We’ve shown the numbers. Populations are declining and they’re getting older. Schools are needing to be creative to manage the situation. But, many are still fighting for the continuance of rural Nebraska’s small towns and the lifestyle they afford.
“So there’s a tradeoff that’s made in that particular preference (of) what community do I want to live in,” Developmental Sociologist Dr. Randy Cantrell said. “And in general, people that choose to live in smaller places put a higher value, I believe, on those social relationships.”
Developmental Sociologist Randy Cantrell is talking about how living in a small community allows a resident to know the background of most everyone they interact with on a daily basis. He says these relationships plus other quality of life factors are the biggest reason people choose to move to rural Nebraska.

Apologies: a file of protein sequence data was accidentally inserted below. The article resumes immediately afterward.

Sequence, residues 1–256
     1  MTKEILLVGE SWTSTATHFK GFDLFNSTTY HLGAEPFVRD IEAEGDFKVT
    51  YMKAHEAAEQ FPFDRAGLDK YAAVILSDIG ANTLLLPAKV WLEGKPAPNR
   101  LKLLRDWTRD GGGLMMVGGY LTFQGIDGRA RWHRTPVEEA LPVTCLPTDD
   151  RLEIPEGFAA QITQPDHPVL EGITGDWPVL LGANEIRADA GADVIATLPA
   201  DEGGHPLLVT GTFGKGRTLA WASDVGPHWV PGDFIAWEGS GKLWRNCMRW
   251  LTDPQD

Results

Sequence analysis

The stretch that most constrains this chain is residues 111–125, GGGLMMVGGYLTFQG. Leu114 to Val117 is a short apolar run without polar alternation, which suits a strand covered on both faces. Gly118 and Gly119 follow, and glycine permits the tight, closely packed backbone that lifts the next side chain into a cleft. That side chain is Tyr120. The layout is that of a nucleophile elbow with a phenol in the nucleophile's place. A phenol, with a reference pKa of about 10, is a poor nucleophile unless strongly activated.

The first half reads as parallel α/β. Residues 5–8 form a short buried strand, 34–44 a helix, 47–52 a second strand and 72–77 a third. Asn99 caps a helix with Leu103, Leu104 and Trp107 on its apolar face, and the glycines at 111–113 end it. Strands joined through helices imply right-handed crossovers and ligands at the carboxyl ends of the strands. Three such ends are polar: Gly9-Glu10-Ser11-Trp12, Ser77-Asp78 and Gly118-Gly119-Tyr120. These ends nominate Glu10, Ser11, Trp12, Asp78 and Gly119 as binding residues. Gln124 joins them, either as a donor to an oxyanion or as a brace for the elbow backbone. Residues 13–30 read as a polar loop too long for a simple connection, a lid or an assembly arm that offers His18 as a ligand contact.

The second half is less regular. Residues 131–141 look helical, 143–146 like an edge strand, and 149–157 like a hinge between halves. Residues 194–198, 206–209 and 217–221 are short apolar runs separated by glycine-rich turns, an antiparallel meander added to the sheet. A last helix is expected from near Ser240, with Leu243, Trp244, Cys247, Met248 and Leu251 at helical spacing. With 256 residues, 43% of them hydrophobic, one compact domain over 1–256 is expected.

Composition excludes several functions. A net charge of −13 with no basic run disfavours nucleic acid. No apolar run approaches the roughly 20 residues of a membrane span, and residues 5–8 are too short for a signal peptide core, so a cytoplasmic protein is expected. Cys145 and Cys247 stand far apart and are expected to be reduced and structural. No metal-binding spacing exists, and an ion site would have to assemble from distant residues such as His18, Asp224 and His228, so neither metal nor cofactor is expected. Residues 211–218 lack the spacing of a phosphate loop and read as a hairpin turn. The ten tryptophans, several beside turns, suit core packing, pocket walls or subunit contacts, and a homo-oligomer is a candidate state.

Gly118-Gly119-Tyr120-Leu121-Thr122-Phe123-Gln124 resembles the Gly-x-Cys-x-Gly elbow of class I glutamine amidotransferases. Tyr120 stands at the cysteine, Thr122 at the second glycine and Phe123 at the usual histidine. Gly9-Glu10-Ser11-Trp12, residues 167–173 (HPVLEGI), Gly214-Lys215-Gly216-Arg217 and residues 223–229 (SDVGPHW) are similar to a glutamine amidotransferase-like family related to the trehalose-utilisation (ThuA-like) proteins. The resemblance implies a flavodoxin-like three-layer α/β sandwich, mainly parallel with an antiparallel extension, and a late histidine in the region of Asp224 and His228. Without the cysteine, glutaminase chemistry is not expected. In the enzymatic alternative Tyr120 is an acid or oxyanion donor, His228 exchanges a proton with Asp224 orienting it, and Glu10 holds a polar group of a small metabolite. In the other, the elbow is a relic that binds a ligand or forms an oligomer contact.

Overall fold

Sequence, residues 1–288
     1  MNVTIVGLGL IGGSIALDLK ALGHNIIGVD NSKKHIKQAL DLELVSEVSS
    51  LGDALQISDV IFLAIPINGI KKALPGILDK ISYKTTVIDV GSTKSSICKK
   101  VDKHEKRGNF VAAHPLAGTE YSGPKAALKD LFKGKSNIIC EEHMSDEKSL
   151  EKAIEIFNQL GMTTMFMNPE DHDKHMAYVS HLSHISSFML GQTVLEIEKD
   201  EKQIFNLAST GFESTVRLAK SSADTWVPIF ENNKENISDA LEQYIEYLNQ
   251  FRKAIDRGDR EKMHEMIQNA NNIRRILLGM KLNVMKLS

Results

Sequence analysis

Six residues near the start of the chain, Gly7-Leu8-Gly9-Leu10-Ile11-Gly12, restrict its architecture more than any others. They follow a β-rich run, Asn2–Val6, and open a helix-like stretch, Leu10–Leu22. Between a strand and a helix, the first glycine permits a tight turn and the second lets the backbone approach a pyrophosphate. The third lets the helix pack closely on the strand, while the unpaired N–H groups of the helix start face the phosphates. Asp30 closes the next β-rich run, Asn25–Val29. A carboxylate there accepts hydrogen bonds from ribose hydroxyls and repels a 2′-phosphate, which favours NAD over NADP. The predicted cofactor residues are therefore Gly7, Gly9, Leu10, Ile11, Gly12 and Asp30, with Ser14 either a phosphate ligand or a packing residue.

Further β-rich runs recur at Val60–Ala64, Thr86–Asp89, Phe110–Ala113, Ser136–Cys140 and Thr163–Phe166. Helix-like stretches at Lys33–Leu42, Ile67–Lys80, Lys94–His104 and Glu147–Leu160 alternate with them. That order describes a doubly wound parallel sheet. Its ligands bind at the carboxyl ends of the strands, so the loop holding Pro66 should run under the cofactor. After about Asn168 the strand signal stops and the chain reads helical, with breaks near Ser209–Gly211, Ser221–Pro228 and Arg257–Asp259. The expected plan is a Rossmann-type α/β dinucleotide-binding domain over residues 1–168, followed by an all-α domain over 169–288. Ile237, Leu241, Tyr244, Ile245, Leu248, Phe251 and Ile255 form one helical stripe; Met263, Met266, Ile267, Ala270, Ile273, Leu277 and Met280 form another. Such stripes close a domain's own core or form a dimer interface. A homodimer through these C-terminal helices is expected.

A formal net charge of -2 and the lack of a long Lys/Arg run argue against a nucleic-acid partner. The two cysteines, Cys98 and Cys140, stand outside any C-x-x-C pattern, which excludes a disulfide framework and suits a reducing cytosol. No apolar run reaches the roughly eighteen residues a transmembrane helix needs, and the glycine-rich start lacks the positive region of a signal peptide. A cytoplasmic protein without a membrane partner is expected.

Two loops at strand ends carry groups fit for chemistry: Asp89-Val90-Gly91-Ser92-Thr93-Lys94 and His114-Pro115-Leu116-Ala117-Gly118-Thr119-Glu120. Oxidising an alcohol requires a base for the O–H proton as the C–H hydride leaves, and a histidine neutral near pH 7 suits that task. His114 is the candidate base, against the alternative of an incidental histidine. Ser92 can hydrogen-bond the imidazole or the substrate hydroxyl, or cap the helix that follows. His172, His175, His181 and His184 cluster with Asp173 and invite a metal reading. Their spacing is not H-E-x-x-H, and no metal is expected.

“They make the move to have more time with their family because they’ll have a shorter commute,” Cantrell said. “They make the move to experience less congestion by other people in their lives, on the roads and in the stores and such.”
Executive Director of the Northeast Nebraska Economic Development District Tom Higgenbotham was one of those who came back to northeast Nebraska after moving away.
“I left here after high school and lived in Kansas City for awhile and then came back in 1998 because I wanted to raise my family where I grew up,” Higgenbotham said.
Higgenbotham’s story isn’t uncommon. And state senators from out-state Nebraska are advocating on behalf of their communities to make sure stories like Higgenbotham’s continue to occur.
“(It) should be one of our key goals her in Lincoln to grow our state, grow our economy, help to grow our population any way we can,” Senator Tom Briese of Boone said. “Keeping folks in rural Nebraska is one of the keys to helping to grow the state and make our state a great place to live and work and raise families.”
Senator Matt Williams of Gothenburg says he believes citizens shouldn’t have to sacrifice to live in rural areas. He says education and health care, specifically, need to be top notch.
“I think it’s part of the legislature’s responsibility to view those areas in that manner and that we create the opportunities,” Williams said. “At the same time, I call on those local communities, you can do this yourselves.”